NewsLocal News

Actions

FBI aims to recruit more women into its ranks

Shelby_special_report_2_0806.png
Shelby_FBI_special_report_0806.jpg
Shelby_FBI_special_report_1_0806.jpg
Posted at 7:37 PM, Aug 06, 2019
and last updated 2019-08-06 21:12:53-04

HOUSTON, Texas — The FBI, the nation's top domestic law enforcement agency, currently is recruiting more women to join its offices nationwide.

Houston agents Kimberly Webster and Gigi Joyner have been with the the Federal Bureau of Investigation for more than 10 years, and know what it takes to make it in the elite agency.

"We look for collaboration, interpersonal skills, communication, organizational planning, adaptability, and our big one that we look for: judgment," said Joyner.

While the current focus primarily is on hiring more women, the FBI prides itself in being an equal-employment-opportunity workplace. The Diversity Agent Recruiting program, or DAR program, is focused on gathering the best of the best from all races and genders.

"Having diversity is important because it reflects America," Joyner said. "And we, as the FBI, should reflect America."

Joyner is the applicant recruiter for the Houston division, which includes more than 40 counties, including Nueces. The entire application and interview process takes about a year, and has numerous challenges -- so it's not for the faint of heart.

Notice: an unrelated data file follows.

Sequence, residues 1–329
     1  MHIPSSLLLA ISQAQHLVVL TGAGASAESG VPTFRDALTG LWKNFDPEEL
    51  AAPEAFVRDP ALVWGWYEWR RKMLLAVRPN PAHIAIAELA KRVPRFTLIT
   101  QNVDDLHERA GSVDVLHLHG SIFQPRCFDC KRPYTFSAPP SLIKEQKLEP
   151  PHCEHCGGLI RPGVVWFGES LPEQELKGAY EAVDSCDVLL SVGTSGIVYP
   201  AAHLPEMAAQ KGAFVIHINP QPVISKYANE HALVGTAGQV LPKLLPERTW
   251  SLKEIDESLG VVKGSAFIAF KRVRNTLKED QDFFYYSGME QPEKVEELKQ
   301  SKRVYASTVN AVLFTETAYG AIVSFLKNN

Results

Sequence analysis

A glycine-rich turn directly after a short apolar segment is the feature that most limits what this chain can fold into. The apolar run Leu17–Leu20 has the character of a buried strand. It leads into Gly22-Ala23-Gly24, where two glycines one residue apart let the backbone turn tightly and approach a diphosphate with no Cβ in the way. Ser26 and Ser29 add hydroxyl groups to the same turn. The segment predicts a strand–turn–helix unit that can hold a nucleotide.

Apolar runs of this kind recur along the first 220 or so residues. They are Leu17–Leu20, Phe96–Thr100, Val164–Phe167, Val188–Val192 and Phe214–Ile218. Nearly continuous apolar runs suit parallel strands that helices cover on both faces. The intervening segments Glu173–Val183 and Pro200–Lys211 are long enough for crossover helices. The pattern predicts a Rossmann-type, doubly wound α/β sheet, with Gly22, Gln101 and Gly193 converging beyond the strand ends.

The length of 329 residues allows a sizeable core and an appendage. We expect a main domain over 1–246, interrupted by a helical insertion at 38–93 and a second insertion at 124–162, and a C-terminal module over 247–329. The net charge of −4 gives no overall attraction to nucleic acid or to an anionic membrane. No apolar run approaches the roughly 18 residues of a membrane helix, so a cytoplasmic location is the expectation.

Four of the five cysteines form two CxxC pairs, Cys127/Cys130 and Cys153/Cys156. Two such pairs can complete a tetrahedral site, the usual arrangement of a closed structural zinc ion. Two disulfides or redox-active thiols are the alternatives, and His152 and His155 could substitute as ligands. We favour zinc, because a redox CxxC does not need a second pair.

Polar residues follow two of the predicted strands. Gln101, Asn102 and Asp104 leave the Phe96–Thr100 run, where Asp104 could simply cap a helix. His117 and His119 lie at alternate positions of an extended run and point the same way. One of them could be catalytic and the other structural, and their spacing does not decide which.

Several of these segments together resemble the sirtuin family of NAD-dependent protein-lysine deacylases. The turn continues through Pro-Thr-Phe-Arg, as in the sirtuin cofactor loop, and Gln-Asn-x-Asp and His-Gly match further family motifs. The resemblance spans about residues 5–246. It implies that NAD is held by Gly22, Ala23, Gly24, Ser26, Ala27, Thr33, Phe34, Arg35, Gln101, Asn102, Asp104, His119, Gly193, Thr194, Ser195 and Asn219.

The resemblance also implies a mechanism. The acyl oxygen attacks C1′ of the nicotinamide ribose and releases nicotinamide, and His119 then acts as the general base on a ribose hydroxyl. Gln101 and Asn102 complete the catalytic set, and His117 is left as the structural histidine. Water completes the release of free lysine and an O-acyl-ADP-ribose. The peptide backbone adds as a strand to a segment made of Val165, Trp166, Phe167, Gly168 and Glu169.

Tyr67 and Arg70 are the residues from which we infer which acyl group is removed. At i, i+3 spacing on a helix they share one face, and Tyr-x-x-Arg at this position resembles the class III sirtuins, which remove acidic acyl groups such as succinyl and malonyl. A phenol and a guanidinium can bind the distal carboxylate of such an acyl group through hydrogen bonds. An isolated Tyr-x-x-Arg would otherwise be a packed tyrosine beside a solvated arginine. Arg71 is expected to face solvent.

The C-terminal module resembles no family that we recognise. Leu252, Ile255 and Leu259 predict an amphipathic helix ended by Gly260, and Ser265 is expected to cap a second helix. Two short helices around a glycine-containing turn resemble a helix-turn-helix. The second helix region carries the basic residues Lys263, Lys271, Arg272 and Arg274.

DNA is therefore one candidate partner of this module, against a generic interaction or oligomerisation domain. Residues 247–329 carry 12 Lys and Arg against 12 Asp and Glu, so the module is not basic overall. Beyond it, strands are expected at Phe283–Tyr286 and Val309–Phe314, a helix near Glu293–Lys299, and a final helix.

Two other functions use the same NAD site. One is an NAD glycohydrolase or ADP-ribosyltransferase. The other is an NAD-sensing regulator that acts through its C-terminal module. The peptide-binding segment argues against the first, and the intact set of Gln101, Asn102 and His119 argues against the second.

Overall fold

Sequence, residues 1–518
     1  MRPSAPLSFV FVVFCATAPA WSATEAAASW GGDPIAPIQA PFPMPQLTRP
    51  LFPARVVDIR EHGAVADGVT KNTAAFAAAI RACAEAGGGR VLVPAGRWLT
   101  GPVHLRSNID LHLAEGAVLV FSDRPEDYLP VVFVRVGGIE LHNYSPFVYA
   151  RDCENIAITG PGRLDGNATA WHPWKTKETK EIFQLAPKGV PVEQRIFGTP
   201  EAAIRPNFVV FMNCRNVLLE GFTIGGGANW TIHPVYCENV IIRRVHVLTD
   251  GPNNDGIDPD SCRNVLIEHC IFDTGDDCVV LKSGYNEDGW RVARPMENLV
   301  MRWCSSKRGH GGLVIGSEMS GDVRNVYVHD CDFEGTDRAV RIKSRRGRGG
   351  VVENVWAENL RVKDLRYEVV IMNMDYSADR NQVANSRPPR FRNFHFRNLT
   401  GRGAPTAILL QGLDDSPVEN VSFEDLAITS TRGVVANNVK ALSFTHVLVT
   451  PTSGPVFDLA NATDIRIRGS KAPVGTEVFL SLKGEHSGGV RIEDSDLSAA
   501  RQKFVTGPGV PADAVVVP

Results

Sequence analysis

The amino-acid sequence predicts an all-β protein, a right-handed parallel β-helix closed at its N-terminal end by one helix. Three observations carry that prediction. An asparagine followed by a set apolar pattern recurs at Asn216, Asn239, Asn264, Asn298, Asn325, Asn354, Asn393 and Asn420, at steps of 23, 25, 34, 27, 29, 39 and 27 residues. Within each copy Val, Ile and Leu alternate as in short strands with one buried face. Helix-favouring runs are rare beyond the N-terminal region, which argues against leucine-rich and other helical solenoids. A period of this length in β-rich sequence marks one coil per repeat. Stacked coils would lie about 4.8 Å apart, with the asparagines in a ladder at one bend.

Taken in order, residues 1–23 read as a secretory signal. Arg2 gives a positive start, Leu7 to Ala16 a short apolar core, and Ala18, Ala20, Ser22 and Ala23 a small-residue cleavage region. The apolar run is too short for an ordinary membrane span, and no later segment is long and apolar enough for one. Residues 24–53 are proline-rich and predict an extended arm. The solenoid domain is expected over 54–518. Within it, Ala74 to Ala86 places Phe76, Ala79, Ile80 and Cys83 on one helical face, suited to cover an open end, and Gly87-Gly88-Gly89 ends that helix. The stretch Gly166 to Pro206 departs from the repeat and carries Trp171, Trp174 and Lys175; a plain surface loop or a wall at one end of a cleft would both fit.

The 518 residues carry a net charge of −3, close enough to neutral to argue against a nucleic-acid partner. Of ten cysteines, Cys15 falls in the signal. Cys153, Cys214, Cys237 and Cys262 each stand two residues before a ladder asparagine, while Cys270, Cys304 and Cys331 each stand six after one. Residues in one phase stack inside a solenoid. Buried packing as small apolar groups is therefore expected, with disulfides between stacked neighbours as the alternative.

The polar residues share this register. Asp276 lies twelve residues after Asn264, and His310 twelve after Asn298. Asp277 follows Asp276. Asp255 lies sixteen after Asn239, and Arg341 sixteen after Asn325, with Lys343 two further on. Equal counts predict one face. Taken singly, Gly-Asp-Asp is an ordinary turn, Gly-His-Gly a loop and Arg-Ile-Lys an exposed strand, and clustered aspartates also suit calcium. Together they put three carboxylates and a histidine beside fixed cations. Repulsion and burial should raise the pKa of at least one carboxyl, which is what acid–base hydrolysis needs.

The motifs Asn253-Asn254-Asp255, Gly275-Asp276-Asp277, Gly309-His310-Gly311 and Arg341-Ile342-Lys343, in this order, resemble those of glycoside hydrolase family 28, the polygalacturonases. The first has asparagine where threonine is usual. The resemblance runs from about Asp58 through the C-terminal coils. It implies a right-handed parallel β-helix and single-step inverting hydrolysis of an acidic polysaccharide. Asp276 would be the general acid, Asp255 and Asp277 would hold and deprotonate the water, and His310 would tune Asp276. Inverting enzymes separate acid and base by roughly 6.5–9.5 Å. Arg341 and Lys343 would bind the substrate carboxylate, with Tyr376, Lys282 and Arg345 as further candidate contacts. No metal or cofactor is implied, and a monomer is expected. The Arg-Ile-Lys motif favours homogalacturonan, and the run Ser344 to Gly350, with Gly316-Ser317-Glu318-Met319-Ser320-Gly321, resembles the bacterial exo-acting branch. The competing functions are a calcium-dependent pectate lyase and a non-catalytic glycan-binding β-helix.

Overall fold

"A written test, phase one; and then we go on to a fit test," she said. "Then we go on to phase two, which is oral interviews as well as another written test, and then another fit test. So you can tell fitness is very important to us. And then we do a background, polygraph and a drug test."

Joyner also is an FBI defensive-tactics instructor with martial-arts mastery, so when she offered to let me experience the test firsthand, I wasn't about to say no to a lady with her credentials.

The test consists of sit-ups, a 300-meter sprint, push-ups, and a one-and-a-half mile run. A candidate passes by accumulating enough points at each station, which vary from age and gender. It was a lot of work, but the FBI does a good job of preparing you with tips, and thankfully I passed my test.

The hardest part of working in the FBI, though, isn't always the physical demands.

"If you're going and deploying to a horrible event like what happened in El Paso, you just don't know what you're going to see or what you're going to hear from the victims and it can be very traumatic," Webster said. "The FBI's mission is something that you can get behind, right? And so the work that we do is important; it's something that you can care about; it's something that you can feel passionate about."

If you are interested in learning more about the FBI, visit their website here.